How Pilots Intuitively Make Critical Decisions

Making timely and correct decisions is an important part of many jobs, but few professions require this skill at the level of a pilot flying a large, transport category airplane. While it’s true that a surgeon’s decisions have a life and death weight to them, they are usually made dealing with one life at a time and without the split-second timing required of a pilot at V1 during a balanced field takeoff. Likewise, a police officer may have to make a critical split-second decision, but probably only a few times throughout a decades-long career. By contrast, a pilot might face dozens of such decisions in just one winter season of operations in the Northeastern U.S. Then, too, there are dozens of foggy nights in which two or perhaps three white lights masquerading as a runway beckon the pilot to land but allow a mere second to decide the fate of all on board.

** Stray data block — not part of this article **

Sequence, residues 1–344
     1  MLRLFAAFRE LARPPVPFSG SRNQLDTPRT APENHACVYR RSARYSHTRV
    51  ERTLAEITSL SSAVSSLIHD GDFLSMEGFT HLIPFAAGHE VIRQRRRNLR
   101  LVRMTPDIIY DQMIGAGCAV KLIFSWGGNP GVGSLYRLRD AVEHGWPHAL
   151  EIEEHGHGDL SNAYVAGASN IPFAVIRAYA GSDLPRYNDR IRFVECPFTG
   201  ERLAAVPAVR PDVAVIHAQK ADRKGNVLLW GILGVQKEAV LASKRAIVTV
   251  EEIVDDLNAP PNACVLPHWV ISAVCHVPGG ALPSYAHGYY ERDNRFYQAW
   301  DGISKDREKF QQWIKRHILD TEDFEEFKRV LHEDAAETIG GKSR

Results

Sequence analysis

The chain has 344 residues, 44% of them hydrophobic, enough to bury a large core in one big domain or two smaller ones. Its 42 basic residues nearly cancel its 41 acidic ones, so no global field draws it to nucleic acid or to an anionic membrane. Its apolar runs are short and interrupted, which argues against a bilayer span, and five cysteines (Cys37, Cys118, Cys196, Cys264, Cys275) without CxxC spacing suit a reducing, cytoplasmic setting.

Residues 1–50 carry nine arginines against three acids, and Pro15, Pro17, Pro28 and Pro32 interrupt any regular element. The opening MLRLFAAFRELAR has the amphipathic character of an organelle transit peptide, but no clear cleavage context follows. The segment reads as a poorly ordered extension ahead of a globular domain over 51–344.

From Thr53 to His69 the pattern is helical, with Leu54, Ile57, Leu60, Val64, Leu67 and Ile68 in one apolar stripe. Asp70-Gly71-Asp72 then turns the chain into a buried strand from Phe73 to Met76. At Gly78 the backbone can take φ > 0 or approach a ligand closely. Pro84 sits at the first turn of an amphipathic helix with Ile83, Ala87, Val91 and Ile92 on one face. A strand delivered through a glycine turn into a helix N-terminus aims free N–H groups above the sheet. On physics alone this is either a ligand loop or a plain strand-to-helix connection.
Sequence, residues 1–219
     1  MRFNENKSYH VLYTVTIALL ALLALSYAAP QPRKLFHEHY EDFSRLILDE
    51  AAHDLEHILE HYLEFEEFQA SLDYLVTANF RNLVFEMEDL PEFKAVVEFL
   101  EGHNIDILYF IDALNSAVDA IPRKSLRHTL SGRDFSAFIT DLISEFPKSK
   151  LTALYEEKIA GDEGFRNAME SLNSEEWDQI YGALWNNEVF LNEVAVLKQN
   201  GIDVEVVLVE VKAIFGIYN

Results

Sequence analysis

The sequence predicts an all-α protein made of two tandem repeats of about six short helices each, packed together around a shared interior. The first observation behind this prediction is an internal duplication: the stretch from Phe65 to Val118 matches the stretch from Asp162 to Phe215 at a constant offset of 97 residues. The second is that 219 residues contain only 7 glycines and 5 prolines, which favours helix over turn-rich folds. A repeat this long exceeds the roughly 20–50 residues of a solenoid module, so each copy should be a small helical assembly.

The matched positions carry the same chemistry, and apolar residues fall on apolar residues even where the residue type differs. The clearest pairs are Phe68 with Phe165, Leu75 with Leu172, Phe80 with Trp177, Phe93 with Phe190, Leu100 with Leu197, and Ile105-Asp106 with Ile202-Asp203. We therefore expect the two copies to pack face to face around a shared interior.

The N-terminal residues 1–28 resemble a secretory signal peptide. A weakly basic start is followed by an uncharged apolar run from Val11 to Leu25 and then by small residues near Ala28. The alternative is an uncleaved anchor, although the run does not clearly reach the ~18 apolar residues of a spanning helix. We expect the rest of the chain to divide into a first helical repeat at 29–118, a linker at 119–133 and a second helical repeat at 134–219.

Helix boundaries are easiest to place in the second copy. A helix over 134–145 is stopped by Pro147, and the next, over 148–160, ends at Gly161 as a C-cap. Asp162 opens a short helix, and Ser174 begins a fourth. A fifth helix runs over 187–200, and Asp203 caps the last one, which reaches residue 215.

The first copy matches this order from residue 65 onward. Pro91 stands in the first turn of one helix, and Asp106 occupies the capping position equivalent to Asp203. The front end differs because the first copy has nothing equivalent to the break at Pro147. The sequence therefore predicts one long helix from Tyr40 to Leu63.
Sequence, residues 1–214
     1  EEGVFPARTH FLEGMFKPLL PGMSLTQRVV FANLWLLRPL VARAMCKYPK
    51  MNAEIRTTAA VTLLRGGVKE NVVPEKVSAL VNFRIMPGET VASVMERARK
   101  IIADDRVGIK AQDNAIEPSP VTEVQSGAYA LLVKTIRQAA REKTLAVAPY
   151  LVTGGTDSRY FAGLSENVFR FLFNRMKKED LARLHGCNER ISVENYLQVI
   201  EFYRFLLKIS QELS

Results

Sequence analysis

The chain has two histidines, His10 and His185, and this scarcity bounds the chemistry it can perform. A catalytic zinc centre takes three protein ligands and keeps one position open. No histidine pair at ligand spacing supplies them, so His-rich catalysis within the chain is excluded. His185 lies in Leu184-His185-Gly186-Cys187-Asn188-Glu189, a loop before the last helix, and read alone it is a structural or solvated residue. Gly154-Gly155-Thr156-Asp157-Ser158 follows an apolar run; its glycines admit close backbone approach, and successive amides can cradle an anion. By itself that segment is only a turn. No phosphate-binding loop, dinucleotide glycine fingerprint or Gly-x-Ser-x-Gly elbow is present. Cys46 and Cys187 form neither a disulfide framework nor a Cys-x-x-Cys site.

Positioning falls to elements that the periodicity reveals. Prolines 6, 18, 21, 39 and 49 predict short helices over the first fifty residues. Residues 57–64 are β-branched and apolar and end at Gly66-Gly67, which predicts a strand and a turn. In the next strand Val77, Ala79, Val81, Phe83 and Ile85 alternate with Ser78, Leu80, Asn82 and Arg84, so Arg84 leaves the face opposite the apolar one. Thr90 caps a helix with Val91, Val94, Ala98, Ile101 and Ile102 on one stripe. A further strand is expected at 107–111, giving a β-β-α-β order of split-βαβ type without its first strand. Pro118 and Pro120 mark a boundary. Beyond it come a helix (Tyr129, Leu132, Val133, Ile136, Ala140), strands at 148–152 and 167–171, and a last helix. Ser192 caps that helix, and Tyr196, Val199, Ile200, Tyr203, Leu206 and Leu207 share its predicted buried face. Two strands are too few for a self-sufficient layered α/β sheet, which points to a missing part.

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Matthew Fritz is a leader and mentor in the field of complex organizational change, emotional intelligence, and organization strategy. A successful DoD senior-acquisition program manager and test leader, Matt has earned documented success in the areas of test and evaluation, assessment, technology development and flight operations. He has specialized experience in cost, schedule and performance management and is an active duty Field-Grade Officer with command-experience in the United States Air Force. Matt is also a certified acquisition professional, as well as a certified Emotional Intelligence Trainer/Practitioner. He is the Author of an instructional book entitled, “Leveraging Your LinkedIn Profile for Success” and actively blogs with other military leaders at, as well as his personal blog at He and his wife, Stacy, enjoy life with their daughter and son in New Mexico.

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